SEC steps in after investors buy up the wrong Zoom

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The US Securities and Exchange Commission has stepped in to clear up the worst case of mistaken identity on Wall Street, suspending the shares of Zoom Technologies, a small Chinese company that investors were confusing with Zoom, the video-calling app that has seen spectacular growth during the coronavirus pandemic.

The regulator said on Thursday that it was halting trading in the Beijing technology group, which uses the ticker ZOOM, until April 8 over concerns that investors were “confusing this issuer with a similarly-named Nasdaq-listed issuer . . . which has seen a rise in share price during the ongoing Covid-19 pandemic”.

Silicon Valley videoconferencing app Zoom Video Communication, which floated in April 2019, has experienced an explosion in popularity as millions confined to their homes under national lockdowns have used it to host group meetings as well as social catch-ups.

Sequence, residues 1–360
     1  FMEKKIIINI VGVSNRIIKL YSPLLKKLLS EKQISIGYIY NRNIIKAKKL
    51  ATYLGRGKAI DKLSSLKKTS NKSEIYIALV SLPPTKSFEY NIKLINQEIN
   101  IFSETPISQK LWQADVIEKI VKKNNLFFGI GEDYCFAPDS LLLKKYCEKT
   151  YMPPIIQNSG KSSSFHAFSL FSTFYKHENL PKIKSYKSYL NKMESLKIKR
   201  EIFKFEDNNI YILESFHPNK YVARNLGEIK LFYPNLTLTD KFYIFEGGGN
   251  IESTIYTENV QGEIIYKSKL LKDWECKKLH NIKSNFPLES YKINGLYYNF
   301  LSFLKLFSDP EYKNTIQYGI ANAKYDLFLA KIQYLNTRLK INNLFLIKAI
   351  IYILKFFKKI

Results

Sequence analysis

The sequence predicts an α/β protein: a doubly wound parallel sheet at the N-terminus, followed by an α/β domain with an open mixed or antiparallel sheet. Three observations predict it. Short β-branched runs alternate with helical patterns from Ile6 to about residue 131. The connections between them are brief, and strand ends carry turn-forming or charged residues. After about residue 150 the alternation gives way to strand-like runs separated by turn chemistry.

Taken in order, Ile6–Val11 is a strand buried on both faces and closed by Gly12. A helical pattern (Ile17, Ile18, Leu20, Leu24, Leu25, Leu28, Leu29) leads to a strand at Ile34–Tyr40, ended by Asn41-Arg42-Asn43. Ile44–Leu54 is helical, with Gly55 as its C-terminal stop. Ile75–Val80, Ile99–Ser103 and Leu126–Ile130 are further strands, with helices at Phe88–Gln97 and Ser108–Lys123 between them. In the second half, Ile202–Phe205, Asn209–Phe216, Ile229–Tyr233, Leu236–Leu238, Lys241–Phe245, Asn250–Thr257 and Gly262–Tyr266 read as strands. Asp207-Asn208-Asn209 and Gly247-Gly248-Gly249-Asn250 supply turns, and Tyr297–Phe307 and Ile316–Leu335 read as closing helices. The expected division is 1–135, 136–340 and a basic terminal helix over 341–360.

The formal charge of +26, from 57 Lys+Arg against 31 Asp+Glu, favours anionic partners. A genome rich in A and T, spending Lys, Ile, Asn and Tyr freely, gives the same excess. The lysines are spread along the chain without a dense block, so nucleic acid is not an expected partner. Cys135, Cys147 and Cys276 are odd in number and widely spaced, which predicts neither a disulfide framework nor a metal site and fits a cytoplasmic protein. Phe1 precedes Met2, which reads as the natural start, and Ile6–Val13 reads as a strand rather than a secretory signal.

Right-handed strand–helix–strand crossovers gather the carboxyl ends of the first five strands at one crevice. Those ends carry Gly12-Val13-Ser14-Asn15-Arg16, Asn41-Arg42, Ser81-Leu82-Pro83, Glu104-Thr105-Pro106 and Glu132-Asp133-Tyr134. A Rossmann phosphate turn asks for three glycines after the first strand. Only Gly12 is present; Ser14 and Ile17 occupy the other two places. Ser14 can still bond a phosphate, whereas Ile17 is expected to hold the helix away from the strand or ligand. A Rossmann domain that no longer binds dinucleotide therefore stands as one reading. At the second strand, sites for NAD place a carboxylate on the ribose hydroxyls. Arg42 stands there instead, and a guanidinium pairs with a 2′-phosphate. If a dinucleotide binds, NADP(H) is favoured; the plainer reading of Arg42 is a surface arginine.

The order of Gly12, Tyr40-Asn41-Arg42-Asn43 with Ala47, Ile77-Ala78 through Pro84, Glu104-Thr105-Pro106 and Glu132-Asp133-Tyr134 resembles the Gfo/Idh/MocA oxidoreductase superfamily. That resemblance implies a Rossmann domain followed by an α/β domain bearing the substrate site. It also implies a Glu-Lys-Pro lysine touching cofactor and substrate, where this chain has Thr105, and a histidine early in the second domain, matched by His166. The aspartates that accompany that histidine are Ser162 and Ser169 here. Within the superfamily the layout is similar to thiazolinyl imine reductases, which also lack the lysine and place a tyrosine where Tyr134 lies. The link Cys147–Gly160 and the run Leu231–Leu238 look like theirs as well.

Its shares have more than doubled since the beginning of the year, giving it a market capitalisation of $40.3bn.

By contrast, Zoom Technologies’ stock has risen tenfold since the beginning of the year, including a dramatic rally on Friday last week followed by a sudden drop, although its valuation is a far tinier $31.3m.

The Chinese company was also suspended because it has failed to issue any public disclosures since 2015, the SEC said, raising questions over its finances and whether it even has any ongoing operations. The company voluntarily delisted from the Nasdaq exchange in 2014, filings show. 

The SEC added that “unsolicited customer quotations for its common stock are quoted by broker-dealers . . . under the ticker symbol ZOOM” on an interdealer quotation system operated by OTC Markets Group. 

It is not the first time the small group, a Delaware corporation, has benefited from its larger namesake: its stock also jumped more than 80 per cent on the day of Zoom’s 2019 listing.

“The Commission cautions broker-dealers, shareholders, and prospective purchasers that they should carefully consider the foregoing information along with all other currently available information and any information subsequently issued by the company,” the SEC said. 

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